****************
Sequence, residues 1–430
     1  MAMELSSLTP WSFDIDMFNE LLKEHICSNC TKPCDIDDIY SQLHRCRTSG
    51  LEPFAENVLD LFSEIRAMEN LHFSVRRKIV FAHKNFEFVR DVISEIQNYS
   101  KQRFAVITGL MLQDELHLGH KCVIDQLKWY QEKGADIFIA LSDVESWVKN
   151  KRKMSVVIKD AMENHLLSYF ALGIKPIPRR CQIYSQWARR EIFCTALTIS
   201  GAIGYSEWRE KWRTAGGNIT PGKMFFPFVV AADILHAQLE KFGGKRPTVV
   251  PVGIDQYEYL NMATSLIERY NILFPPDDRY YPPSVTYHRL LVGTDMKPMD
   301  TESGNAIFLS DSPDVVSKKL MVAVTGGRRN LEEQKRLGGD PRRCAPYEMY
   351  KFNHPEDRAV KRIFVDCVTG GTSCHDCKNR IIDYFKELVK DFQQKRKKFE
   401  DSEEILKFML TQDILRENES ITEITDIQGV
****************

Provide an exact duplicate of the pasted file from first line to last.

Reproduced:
Sequence, residues 1–430
     1  MAMELSSLTP WSFDIDMFNE LLKEHICSNC TKPCDIDDIY SQLHRCRTSG
    51  LEPFAENVLD LFSEIRAMEN LHFSVRRKIV FAHKNFEFVR DVISEIQNYS
   101  KQRFAVITGL MLQDELHLGH KCVIDQLKWY QEKGADIFIA LSDVESWVKN
   151  KRKMSVVIKD AMENHLLSYF ALGIKPIPRR CQIYSQWARR EIFCTALTIS
   201  GAIGYSEWRE KWRTAGGNIT PGKMFFPFVV AADILHAQLE KFGGKRPTVV
   251  PVGIDQYEYL NMATSLIERY NILFPPDDRY YPPSVTYHRL LVGTDMKPMD
   301  TESGNAIFLS DSPDVVSKKL MVAVTGGRRN LEEQKRLGGD PRRCAPYEMY
   351  KFNHPEDRAV KRIFVDCVTG GTSCHDCKNR IIDYFKELVK DFQQKRKKFE
   401  DSEEILKFML TQDILRENES ITEITDIQGV